A “blue gap” for the Northern Lights

A “blue gap” for the Northern Lights

The Northern Lights are Abisko’s important attraction through the winter months, however the microclimate additionally gives different spectacular climate occasions, resembling very uncommon “moon bows”, also referred to as moon rainbows and moon halos, which happen when moonlight is mirrored and refracted by water droplets and ice crystals within the air throughout the blue gap.

Nevertheless, for Anette Niia and Ylva Sarri, who’re members of Sweden’s indigenous Sámi group, Abisko is far more than only a blue gap. About 70,000 Sámi reside within the arctic and subarctic elements of Norway, Sweden, Finland and on the Kola Peninsula in Russia – a area identified collectively because the Sápmi. Each girls have hung out in Abisko since childhood as additionally it is a reindeer herding space for his or her households. Niia defined that the world’s microclimate ends in thinner snow in winter, that means spring arrives right here earlier – and subsequently meals for reindeer and different animals. “The blue gap is one thing tourism firms are speaking about,” she mentioned. “For us Sámi, Abisko is particular for a variety of causes.”

Nevertheless, she and Sarri even have a connection to tourism right here – their households’ ancestors have been mountain guides for guests for the reason that early twentieth century. In the present day, the ladies are the co-founders of Scandinavian Sami Photoadventures, which gives a number of outside experiences in Abisko, together with Northern Lights excursions. “We as guides know that once we arrive on the Miellejohka stream that flows down from Cuonjavaggi [valley]and stroll previous it, you’ll be able to go from a full snowstorm to clear skies inside 100m,” Niia mentioned. “That is magic!”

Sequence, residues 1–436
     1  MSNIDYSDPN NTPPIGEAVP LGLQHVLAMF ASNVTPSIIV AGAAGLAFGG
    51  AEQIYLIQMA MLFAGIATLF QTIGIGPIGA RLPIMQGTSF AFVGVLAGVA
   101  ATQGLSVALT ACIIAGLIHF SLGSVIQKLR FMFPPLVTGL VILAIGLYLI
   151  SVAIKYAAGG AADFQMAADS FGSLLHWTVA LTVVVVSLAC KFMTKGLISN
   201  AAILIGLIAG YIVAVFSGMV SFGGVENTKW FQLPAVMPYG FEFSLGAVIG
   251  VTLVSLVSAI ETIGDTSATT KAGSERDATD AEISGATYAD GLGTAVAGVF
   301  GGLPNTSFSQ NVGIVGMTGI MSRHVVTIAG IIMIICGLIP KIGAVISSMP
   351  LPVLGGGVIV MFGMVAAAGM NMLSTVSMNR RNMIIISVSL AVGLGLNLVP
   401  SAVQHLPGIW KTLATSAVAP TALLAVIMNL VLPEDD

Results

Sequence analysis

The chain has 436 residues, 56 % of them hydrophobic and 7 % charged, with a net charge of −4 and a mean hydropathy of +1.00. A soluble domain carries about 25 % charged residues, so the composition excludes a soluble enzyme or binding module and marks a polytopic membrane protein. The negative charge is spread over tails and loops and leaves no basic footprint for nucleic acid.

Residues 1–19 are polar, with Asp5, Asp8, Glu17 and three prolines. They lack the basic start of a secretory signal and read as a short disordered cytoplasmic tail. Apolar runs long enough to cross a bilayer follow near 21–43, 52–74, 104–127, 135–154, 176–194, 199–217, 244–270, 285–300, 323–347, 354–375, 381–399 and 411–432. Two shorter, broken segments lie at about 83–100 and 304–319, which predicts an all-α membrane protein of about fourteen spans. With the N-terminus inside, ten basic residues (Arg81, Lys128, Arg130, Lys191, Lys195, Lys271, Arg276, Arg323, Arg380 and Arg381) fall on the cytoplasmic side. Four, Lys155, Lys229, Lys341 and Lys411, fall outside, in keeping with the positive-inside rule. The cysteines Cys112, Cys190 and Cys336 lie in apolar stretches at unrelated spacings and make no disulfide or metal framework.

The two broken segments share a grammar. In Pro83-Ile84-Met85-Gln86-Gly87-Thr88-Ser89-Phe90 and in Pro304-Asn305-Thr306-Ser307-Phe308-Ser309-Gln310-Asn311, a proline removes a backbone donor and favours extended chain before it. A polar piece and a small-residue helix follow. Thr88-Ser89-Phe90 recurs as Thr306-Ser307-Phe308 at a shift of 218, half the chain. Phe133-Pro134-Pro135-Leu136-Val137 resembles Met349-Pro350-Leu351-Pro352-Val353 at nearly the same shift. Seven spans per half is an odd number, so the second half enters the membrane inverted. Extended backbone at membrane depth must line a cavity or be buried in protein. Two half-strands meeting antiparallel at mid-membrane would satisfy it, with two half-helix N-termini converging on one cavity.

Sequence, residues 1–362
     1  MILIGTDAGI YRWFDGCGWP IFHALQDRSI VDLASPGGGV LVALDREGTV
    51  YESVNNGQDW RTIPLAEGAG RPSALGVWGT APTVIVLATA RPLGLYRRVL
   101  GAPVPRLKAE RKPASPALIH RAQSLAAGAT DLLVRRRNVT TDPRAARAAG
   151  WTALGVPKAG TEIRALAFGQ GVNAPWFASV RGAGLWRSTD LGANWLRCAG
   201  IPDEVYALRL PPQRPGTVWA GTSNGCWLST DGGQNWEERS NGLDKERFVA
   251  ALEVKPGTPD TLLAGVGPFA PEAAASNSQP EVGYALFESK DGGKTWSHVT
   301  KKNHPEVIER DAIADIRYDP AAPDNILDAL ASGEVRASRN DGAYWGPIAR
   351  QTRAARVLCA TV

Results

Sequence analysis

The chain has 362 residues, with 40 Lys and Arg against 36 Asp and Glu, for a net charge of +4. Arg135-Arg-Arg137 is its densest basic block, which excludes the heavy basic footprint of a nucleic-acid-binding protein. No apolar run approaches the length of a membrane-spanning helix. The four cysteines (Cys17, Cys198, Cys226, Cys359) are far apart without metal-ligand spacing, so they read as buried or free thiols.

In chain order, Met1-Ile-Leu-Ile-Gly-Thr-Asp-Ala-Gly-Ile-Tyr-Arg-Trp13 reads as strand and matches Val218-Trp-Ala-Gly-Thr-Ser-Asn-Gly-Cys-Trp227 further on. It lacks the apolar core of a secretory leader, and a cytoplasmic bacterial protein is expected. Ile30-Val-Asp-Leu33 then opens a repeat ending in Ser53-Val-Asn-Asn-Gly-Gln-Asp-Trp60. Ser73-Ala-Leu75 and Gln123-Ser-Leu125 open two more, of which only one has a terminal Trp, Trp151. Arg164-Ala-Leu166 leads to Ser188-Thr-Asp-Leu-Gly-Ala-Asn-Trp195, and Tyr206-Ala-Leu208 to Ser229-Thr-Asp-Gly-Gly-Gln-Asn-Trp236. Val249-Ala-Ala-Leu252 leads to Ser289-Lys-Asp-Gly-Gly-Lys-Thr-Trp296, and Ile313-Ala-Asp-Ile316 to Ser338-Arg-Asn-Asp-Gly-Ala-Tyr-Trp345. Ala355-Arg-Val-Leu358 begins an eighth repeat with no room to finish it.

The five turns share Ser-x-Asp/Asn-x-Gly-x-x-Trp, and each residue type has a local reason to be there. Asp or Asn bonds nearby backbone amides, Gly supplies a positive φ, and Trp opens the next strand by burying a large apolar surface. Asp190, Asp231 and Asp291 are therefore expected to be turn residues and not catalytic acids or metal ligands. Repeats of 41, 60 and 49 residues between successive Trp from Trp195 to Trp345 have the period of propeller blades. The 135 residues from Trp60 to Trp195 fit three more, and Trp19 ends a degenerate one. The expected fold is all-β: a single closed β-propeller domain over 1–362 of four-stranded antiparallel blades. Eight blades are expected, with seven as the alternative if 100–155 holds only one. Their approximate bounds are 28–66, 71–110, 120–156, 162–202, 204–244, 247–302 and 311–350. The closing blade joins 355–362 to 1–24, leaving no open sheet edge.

And that is precisely what occurred when Erik and I lastly arrived in Abisko: dense clouds of snow floated over the mountains that surrounded us, however we noticed a vibrant blue sky straight above us.

On my first journey to Abisko a couple of years in the past, I remembered that scientist and photographer Peter Rosén informed me that kids shouldn’t take a look at the dancing aurorae or whistle or level in awe or the lights would exit and put them away.

Leave a Reply

Your email address will not be published.

A note to our visitors

This website has updated its privacy policy in compliance with changes to European Union data protection law, for all members globally. We’ve also updated our Privacy Policy to give you more information about your rights and responsibilities with respect to your privacy and personal information. Please read this to review the updates about which cookies we use and what information we collect on our site. By continuing to use this site, you are agreeing to our updated privacy policy.